"It was on the 15th that it came in the mail to me, which is the 15 year anniversary. Just the way I was feeling, it instantly changed the whole mood because I just felt them right with me. To me, that part is the most special," he said.
St. Louis Marine killed in Fallujah
First Battalion, 24th Marines continued the fight in Fallujah long after the IED blast in October 2006. Twenty-two of the Marines in the battalion were killed, including eight in Charlie Company alone. A young man from St. Louis, Matthew Pathenos, was one of those killed. Pathenos originally belonged to the 3rd Battalion, 24th Marines, which is based at Lambert Field, and was sent to augment the Michigan-based 1st Battalion, 24th Marines.
"The things that really struck me about him was he was always happy, always laughing, always extremely very witty, and extremely well-liked," Lang said of Pathenos, who fellow Marines nicknamed "Greek." "He was the guy you wanted to hang out with."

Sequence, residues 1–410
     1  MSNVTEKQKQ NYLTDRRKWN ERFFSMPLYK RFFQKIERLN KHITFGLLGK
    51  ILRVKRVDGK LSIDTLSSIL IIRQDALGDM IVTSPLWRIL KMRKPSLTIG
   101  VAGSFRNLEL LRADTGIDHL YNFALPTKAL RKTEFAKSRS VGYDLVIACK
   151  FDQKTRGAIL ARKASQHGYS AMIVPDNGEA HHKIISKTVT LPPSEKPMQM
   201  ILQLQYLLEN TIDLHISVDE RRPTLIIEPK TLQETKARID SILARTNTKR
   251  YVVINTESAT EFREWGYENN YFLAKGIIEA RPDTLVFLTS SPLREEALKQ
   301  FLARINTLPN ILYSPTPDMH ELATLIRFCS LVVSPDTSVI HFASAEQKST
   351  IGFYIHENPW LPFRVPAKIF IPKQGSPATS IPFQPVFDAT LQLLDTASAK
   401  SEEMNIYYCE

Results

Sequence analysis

"He always had a smile on his face, he was always a good Marine," Bleill added. "It's hard thinking back on those guys we lost. Pathenos, he was always there. One heck of a guy. We love him and we love his family."
In sharing their story about the lost and found bracelet, Pathenos’s fellow Marines asked to ensure his family in St. Louis knows he, too, will never be forgotten.
"Any chance to bring up those guys' names again, that's the most important piece to all of this. We haven't forgotten their sacrifice, we haven't forgotten what they've done for our freedom, we haven't forgotten the families of those that have suffered the ultimate sacrifice," Lang said.